"Freedom is never more than one generation away from extinction. We didn't pass it to our children in the bloodstream. It must be fought for, protected, and handed on for them to do the same, or one day we will spend our sunset years telling our children and our children's children what it was once like in the United States where men were free." - President Ronald Reagan
We've been busy following caravans traveling through Mexico to the U.S. This week, we got a reminder that violence is still out of control south of the border. This is a post by Jeremy Kryt:
Two foreign female tourists were caught in a crossfire between rival crime groups and shot to death last Thursday in the high-end resort town of Tulum, Mexico. Three other people were also wounded when the firefight broke out in the popular restaurant, La Malquerida, not far from the beach. Of the two women who were killed, one was from Germany and the other India.
“They were just in the wrong place at the wrong time, and got caught in an exchange of gunfire between competing drug traffickers,” said a high-ranking Mexican police commander, who agreed to speak with The Daily Beast on the condition of anonymity.
“It’s a sad mistake for the victims, but such cases are not rare or unusual anymore [in and around Tulum]. When a firefight breaks out no one is safe,” the commander said.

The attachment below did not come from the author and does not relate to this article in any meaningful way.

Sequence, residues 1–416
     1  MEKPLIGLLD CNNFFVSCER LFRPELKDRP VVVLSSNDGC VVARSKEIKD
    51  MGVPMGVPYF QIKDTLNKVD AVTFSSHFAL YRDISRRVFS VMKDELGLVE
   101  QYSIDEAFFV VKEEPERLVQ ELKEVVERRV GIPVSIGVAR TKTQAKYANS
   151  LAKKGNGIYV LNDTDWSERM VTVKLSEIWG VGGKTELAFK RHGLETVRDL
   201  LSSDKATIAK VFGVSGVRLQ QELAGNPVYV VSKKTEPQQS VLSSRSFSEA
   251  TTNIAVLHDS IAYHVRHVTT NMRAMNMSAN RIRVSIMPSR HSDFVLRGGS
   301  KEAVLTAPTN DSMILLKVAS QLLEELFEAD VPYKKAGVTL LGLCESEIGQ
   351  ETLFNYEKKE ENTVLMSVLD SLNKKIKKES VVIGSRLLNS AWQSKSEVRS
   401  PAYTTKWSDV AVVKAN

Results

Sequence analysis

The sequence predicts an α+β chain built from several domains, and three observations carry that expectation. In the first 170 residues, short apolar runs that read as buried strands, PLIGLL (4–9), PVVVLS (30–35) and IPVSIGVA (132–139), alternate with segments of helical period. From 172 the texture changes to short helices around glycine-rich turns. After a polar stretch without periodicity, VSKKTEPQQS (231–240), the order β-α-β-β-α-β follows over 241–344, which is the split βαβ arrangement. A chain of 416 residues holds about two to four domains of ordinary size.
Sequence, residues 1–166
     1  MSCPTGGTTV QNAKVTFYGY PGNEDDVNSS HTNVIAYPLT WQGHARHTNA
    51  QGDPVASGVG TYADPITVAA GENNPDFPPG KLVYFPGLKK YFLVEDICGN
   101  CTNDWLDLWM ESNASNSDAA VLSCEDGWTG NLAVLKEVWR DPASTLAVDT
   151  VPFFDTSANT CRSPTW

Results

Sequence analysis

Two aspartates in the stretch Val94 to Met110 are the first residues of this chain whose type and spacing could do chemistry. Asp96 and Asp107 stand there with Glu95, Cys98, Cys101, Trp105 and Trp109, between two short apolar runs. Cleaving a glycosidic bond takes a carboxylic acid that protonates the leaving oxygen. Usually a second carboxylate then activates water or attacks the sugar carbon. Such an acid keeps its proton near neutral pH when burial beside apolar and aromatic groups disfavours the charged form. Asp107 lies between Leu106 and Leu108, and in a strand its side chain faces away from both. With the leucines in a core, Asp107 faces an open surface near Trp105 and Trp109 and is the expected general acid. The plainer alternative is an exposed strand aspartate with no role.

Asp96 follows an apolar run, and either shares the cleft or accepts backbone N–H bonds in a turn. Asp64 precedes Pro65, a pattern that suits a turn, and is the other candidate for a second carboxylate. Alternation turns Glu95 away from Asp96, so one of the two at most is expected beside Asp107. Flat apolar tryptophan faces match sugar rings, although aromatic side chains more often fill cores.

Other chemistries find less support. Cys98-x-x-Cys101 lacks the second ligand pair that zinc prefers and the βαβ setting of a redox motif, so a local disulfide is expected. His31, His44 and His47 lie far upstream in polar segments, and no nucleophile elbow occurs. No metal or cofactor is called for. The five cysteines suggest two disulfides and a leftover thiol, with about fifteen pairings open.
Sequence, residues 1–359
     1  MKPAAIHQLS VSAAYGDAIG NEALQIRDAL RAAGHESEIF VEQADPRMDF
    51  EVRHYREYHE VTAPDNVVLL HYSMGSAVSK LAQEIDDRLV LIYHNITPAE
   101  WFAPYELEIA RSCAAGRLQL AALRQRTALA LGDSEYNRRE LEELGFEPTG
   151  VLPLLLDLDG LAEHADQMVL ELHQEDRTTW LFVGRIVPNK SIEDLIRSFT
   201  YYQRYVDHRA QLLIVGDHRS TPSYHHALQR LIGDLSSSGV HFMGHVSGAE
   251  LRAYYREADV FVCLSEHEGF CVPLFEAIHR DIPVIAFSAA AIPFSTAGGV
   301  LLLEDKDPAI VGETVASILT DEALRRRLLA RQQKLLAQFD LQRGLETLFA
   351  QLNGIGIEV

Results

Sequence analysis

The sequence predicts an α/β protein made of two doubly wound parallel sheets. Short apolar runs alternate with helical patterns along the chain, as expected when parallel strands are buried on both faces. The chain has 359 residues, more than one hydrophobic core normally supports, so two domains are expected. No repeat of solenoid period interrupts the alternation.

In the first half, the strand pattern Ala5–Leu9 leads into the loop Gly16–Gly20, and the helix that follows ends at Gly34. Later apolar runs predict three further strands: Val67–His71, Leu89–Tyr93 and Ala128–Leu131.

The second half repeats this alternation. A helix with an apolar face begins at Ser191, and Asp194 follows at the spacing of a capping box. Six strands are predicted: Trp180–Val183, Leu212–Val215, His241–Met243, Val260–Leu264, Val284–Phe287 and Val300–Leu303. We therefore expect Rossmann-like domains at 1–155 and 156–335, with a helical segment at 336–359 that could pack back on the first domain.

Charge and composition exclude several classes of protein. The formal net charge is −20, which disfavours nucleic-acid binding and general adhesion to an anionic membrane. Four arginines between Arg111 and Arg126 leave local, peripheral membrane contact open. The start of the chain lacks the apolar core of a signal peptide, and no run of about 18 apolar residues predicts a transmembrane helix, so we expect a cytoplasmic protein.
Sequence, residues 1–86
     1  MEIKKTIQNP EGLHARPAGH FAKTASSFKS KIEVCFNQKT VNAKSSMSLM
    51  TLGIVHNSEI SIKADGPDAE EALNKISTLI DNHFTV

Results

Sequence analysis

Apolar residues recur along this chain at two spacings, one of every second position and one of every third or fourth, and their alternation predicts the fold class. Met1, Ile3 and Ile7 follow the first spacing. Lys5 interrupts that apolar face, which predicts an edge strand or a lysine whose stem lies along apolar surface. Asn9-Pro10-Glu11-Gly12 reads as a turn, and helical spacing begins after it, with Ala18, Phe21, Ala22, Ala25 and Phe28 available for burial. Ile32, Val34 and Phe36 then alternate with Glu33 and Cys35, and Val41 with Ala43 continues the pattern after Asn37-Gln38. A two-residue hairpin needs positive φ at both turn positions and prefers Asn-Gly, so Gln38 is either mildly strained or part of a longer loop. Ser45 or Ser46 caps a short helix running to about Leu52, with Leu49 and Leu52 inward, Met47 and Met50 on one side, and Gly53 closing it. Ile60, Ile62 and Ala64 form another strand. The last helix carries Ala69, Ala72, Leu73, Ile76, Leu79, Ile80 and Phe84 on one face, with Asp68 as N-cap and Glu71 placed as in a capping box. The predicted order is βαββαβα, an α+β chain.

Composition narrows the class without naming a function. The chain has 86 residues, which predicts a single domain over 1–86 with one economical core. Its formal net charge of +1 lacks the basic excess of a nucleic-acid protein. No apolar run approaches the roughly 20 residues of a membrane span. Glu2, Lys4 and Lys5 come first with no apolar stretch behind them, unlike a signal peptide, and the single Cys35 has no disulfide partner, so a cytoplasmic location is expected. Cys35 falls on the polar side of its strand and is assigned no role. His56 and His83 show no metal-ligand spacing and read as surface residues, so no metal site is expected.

Yes, the sad result of being in the wrong place at the wrong time. It happens but it's not really supposed to tourists visiting your country and dropping hard currency into your economy.
Tulum, a resort known for its Mayan-era ruins and pretty beaches, is quite popular with celebrities. Unfortunately, there is been some violence recently, as the article pointed out:
An American firefighter was kidnapped and murdered from an all-inclusive resort in July. In June, another American was wounded in a shooting that killed two other people when gunmen opened fire from jet skis. A man was executed outside a law office in Cancun this August, prompting additional headlines about how violence “continues to take over” in the region.
A report by Mexican news outlet La Reforma, from earlier this year, indicated that at least five cartels are now operating in the Riviera Maya and reports of violent crime in Tulum alone had gone up 783 percent since 2019.
For years, I heard my Mexican friends say that the Mexican government will never allow the violence in the tourist locations. In other words, they don't want to scare the tourists, and their dollars, away. Based on what we are watching in Tulum, it looks like the cartels have moved their operations anywhere that they want to move them to. If so, then Mexico has more problems than we thought they had.